|Publication number||US3455085 A|
|Publication date||Jul 15, 1969|
|Filing date||May 8, 1967|
|Priority date||May 8, 1967|
|Publication number||US 3455085 A, US 3455085A, US-A-3455085, US3455085 A, US3455085A|
|Original Assignee||Emhart Corp|
|Export Citation||BiBTeX, EndNote, RefMan|
|Patent Citations (4), Referenced by (20), Classifications (8), Legal Events (1)|
|External Links: USPTO, USPTO Assignment, Espacenet|
July 15, 1969 n. M INTYRE CASE PACKING MACHINE FOR TIERED ARTICLES 4 Sheets-Sheet 1 Filed May 8, 1967 INVENTOR. ZW/a fl/aZWV/P' July 15, 1969 o. M INTYRE CASE PACKING MACHINE FOR TIERED ARTICLES 4 Sheets-Sheet 2 Filed May 8, 1967 July 15, 1969 MclNTYRE 3,455,085
CASE PACKING MACHINE FOR TIERED ARTICLES Elwin July 15, 19 69 0. MCINTYRE 3,455,085
CASE PACKING MACHINE FOR TIERED ARTICLES Filed May 8, 1967 4 Sheets-Sheet 4 United States Patent CASE PACKING MACHINE FOR TIERED ARTICLES Daniel McIntyre, Portland, Conn., assignor to Emhart Corporation, Bloomfield, Conn., a corporation of Connecticut Filed May 8, 1967, Ser. No. 636,786 Int. Cl. B65b 35/30, 35/50; 365g 59/00 US. Cl. 53-153 7 Claims ABSTRACT OF THE DISCLOSURE An endless belt feeds segregated groups of articles to a pair of flight bar conveyors, one of which continuously feeds every other group of articles across a ramp and through a funnel into a packing case having a side or end opening. The other flight bar conveyor feeds the remaining groups of articles up a pivoted chute onto an upper portion of the ramp where the upper group or tier remains until it can be moved simultaneously with a group or tier being advanced across the lower portion of the ramp, whereby both tiers pass through the funnel at the same time. The flight bar conveyor associated with the upper tier has a lost motion for delaying each upper tier on the ramp, and both flight bar conveyors and the chute are operated by a common drive means.
Summary of the invention This invention relates to case packing machines, and deals more particularly with an improved flight bar conveyor system for use in stacking the articles which have been segregated into groups on an infeed conveyor.
The general object of the present invention is to provide in a case packing machine a pair of flight bar conveyors which stack successive groups of articles in tiers prior to thrusting of the stacked tiers into an open case resting on its side.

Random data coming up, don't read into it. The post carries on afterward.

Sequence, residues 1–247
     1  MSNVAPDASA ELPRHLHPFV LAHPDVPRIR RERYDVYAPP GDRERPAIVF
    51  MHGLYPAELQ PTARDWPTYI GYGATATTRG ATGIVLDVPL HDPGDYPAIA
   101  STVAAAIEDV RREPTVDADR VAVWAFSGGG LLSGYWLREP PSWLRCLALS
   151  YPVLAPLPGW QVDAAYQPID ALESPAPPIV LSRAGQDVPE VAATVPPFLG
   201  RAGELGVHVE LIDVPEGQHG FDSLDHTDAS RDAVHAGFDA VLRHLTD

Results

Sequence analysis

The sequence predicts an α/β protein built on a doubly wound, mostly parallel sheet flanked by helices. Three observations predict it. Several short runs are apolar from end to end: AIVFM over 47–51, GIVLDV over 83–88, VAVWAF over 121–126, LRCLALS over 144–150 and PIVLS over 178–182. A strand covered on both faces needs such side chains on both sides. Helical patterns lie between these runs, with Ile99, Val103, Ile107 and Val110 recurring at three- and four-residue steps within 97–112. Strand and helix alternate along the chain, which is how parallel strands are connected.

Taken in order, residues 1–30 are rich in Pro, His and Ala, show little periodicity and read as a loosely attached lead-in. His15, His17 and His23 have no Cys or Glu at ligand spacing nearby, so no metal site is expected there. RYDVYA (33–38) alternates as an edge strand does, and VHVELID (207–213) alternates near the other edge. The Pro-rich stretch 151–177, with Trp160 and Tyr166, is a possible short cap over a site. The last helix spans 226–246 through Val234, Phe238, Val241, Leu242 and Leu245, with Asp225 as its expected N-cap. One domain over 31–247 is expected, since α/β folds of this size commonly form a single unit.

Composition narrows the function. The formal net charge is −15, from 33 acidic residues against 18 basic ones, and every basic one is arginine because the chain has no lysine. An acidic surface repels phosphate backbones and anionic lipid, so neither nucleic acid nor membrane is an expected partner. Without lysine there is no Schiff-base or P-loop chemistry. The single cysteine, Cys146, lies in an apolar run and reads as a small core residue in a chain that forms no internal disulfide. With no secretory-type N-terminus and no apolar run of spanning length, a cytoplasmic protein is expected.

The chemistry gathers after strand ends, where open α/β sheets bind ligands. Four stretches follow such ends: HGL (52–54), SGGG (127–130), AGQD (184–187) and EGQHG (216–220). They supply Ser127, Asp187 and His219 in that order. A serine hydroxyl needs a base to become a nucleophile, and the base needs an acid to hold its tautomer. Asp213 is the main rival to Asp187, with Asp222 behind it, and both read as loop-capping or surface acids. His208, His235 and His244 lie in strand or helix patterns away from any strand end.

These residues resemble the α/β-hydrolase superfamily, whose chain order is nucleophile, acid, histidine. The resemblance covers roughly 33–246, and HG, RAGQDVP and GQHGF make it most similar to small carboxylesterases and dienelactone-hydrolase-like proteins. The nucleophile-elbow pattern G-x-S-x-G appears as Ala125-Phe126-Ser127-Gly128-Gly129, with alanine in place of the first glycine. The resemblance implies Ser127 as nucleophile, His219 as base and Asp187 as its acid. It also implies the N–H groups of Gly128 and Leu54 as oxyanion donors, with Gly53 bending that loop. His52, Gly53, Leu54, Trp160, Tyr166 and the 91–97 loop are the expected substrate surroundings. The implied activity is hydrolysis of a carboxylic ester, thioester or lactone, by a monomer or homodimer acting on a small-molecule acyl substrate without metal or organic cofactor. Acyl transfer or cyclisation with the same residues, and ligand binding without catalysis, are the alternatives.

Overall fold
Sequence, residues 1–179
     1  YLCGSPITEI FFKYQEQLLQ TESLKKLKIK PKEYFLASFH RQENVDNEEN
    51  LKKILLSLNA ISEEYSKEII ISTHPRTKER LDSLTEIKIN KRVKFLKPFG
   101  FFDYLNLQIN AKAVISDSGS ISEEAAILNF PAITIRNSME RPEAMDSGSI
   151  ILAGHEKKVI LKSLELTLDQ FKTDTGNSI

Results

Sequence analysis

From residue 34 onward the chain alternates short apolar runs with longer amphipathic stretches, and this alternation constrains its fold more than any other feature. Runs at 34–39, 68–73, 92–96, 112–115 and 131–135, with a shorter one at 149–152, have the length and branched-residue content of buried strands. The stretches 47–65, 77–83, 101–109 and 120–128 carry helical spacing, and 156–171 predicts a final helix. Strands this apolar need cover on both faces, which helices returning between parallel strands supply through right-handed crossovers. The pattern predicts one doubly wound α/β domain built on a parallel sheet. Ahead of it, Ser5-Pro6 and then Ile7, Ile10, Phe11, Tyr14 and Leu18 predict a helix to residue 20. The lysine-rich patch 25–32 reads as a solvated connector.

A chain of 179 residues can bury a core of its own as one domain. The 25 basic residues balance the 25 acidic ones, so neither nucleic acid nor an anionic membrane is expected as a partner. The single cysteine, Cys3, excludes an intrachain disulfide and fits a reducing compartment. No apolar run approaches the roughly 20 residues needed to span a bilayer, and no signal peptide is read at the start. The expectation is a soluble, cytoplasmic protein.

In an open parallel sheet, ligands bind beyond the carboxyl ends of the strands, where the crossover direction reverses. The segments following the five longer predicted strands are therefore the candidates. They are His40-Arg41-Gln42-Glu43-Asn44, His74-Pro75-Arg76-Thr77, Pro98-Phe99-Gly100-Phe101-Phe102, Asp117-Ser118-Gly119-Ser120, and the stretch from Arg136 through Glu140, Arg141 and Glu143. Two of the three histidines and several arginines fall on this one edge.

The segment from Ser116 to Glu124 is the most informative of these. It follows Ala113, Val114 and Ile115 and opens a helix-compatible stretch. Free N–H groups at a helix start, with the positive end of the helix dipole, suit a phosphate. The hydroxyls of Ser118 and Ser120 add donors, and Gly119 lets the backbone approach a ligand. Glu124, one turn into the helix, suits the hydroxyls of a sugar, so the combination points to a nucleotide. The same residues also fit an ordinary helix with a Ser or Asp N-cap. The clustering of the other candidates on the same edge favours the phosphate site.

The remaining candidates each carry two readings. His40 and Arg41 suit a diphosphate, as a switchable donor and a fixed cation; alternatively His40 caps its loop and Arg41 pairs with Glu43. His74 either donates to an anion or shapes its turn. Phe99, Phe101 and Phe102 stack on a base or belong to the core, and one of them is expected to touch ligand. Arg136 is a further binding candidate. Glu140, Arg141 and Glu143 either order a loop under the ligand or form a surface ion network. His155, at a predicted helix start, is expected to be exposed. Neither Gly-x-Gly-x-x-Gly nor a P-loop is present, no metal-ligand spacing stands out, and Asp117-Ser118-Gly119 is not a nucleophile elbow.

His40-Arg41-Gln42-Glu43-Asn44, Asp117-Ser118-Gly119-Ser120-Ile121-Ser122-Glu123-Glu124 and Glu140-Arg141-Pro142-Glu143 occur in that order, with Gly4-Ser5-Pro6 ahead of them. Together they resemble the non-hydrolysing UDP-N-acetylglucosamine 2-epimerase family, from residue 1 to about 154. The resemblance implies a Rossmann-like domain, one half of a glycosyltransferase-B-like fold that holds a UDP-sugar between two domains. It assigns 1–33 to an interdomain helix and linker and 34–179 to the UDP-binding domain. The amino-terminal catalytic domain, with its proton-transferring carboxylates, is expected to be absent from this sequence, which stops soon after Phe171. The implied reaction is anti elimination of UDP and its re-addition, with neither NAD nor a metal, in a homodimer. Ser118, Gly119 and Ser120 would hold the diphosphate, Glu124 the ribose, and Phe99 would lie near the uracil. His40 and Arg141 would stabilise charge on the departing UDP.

Another object of the present invention is to provide a case packing machine of the foregoing character wherein a common drive means is used for operating both flight bar conveyors, and also for operating other portions of the machine.
The drawings show a preferred embodiment of the invention and such embodiment will be described, but it will be understood that various changes may be made from the construction disclosed, and that the drawings and description are not to be construed as defining or limiting the scope of this invention, the claims forming a part of this specification being relied upon for that purpose.
Brief description of the drawings FIG. 1 is an elevational schematic view of a case packing machine which incorporates the present invention, showing the segregated groups of articles on the infeed conveyor with the group farthest downstream being carried off the infeed conveyor by one of the flight bar conveyors.
FIG. 2 is an elevational schematic view generally similar to FIG. 1 but showing the downstream group of articles after it has been positioned on the upper portion of the ramp associated with the funnel.
FIG. 3 is an elevational schematic view of the machine shown in FIGS. 1 and 2 at a slightly later instant of time wherein the second group of articles has been positioned on the lower portion of the ramp.
FIG. 4 is an elevational schematic view of the machine at a later instant of time wherein the stacked groups or tiers of articles on the ramp have been thrust through the funnel into an awaiting packing case.